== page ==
The assignment seemed reasonable. Infiltrate the shiny over-belly of the already bloated industry known as “interactive entertainment.” Myself and my associate, a long-ish bespectacled fellow, had convened mere blocks away from the heaving convention center in Downtown Los Angeles. We were to retrieve our press credentials at one of the many kiosks flanking the large bulbous structure which, even from a distance, was seen to be decked out in advertisements larger than any sporting event or hate-group banner. I could feel the drugs from last night wearing thin. We needed caffeine.
We fell in line with the other journalists, moving steadily towards the convention center, each clutching some sort of fancy cold drink as if we weren’t on the edge of poverty. “Jesus,” I thought to myself, “Who are these people?” Their facial hair seemed to mock me, chuckling at these two fish out of water whose t-shirts didn’t celebrate some ghoulish character on the verge of a violent rampage.
My associate took the reigns on obtaining our credentials. Surely our less-than-a-year-old publication would be instantly recognized and we’d be ushered in under a hail of Pokémon ticker-tape; bags of drugs and Razer laptops would be shoved aggressively into our backpacks and I would be excused from making eye contact with anything deemed “alive.”
“I knew he was right. But it didn’t stop me from wanting to punch the glasses off his stupid face.”
After scanning the outdoor entrance for other humans smoking cigarettes, upon spotting them I guiltlessly lit up a Parliament Light while my associate seemed to trade polite verbal blows with the lady at the kiosk. We were to check in at the press center deep inside the convention halls. The press center. Of course. That was us. We were two prize-winning journalists on the eve of a new trip, loaded to the teeth with all drugs the circumstances would permit: caffeine, nicotine, and perhaps some THC from the previous night oozing out of my pores. We were also running late.
As we set foot inside the convention, a rush of emotions hijacked my moderately-sized monkey brain. Amongst the sea of colorful plaid and plastic decals, a nightmarish figure gripping a serrated machete was shaking hands with four soldiers, decked out in full WWII regalia. “Can you believe it?” my associate hummed, breaking into a controlled gallop towards the press center. But I was too overwhelmed to manifest anything resembling an answer. I was too busy eyeing the fifteen flat television screens broadcasting some sort of ultra-violent POV. ‘Payday 2‘, the signage indicated. I craned my neck over the hundreds of shoulders crowding the monitors, trying to catch a glimpse of the meaning behind this madness. A slight tug at my shirt-sleeve. My associate reminded me that we were now approaching the thirty-minute mark of tardiness.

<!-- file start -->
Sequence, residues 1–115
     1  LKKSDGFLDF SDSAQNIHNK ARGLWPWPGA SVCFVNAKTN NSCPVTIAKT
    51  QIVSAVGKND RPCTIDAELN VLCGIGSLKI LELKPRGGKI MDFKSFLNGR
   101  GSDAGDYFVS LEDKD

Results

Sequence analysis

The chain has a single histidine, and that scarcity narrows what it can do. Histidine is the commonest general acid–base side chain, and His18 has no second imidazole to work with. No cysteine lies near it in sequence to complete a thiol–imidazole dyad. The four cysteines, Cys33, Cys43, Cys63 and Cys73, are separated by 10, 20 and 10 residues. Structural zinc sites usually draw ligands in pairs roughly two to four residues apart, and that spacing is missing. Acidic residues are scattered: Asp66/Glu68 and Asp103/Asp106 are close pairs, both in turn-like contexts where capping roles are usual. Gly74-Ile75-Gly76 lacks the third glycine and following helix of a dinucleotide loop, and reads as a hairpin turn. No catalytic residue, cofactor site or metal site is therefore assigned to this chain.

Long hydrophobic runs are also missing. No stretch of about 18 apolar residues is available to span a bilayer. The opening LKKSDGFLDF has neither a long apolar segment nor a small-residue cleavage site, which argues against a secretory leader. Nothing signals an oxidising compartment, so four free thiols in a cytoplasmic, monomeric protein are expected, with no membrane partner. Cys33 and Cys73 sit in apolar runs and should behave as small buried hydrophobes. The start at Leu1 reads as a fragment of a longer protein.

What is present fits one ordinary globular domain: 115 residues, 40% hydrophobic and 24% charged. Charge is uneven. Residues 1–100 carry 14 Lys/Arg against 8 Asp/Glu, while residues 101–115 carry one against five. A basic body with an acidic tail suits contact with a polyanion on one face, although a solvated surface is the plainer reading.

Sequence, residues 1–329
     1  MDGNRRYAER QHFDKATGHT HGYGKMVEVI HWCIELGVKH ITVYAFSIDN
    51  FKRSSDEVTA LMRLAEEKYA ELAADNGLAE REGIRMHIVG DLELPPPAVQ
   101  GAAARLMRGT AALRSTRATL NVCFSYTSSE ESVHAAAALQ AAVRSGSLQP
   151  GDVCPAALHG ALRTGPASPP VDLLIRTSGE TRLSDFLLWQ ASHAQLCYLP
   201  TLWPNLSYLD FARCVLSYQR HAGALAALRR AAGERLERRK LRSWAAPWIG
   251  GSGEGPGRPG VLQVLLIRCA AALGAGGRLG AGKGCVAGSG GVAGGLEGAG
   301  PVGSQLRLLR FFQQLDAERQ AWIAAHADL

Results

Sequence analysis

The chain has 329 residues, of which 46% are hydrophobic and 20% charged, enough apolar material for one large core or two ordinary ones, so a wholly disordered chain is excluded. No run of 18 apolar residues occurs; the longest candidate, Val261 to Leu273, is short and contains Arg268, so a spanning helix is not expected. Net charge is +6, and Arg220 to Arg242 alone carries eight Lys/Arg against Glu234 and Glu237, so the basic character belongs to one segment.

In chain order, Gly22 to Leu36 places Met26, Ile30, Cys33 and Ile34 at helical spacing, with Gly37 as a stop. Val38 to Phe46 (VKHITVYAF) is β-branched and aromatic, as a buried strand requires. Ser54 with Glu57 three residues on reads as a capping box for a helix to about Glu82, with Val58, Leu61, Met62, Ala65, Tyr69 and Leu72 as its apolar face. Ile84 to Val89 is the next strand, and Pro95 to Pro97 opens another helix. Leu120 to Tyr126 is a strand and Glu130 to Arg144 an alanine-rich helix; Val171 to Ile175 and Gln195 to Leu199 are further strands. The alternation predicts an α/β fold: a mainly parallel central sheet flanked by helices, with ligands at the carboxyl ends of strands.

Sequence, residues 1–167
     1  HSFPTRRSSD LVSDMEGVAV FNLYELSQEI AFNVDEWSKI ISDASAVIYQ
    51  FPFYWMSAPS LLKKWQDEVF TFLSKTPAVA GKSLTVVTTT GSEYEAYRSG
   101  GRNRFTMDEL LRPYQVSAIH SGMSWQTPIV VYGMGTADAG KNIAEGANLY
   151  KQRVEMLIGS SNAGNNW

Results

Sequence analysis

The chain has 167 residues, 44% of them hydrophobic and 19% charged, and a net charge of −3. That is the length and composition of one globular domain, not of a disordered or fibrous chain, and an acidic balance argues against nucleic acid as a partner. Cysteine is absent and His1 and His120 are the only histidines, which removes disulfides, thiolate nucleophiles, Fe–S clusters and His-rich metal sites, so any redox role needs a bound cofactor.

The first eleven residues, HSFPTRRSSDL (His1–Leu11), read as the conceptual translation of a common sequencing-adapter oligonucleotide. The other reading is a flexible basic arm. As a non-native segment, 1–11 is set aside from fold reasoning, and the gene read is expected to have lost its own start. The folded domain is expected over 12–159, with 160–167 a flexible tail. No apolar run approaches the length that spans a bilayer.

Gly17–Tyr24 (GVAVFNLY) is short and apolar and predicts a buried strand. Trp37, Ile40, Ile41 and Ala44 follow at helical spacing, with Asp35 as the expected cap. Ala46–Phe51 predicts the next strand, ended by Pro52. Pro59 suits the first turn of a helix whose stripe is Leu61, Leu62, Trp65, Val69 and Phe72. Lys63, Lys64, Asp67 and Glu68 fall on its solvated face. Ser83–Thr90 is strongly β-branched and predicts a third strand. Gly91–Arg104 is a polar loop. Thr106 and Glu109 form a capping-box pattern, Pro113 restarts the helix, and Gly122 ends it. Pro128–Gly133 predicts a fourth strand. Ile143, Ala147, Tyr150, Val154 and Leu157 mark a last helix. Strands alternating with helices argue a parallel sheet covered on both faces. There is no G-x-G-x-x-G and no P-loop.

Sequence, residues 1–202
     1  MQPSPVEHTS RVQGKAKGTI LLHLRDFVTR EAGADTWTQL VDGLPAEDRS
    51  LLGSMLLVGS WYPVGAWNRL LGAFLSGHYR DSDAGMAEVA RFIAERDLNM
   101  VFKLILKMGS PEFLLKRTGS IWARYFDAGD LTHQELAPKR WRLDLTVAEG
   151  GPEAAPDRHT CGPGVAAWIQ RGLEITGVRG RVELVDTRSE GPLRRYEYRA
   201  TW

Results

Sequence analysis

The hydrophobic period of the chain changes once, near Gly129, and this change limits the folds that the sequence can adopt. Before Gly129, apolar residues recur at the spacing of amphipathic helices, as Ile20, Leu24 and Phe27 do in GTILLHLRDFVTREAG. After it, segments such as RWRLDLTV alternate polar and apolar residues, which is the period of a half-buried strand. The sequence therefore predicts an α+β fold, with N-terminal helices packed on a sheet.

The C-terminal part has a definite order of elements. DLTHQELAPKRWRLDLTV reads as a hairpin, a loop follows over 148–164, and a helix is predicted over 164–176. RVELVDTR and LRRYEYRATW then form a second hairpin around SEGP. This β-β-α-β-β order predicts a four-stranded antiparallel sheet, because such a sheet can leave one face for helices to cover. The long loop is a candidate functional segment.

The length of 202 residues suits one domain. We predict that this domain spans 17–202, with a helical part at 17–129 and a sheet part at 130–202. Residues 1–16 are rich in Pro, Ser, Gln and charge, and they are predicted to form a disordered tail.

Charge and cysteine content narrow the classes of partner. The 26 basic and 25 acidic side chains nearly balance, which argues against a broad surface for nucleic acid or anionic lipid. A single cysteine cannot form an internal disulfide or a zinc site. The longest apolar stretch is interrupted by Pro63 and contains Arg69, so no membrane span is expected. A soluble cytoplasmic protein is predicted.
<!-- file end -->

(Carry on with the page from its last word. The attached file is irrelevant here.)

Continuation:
“We were two prize-winning journalists on the eve of a new trip, loaded to the teeth with all drugs the circumstances would permit.”
Obtaining press credentials at such a place was the first real joy I had experienced all day. I couldn’t help but feel like we had fooled the powers that be, strong-arming our way into the clutches of what appeared to be the most expensive commercial ever made. I eyed my own namesake on my badge like a father whose boy had just finished first in some goddamned science fair. We were bonafide. And just like that, we were in.
No sooner had we burst through the proverbial airlock guarding the exhibition floor, than the fear began to creep in. An amoeba of journalists and civilians inched by one another, guided only by the light of the handheld devices mere inches from their sweltering faces. Behind a clear glass wall, the competition was already conducting interviews from the comfort of some easy chairs with plenty of room to breathe. I recognized a couple of them from some ‘Let’s Play’ videos that had lulled me to sleep after some fearful nights in the preceding years.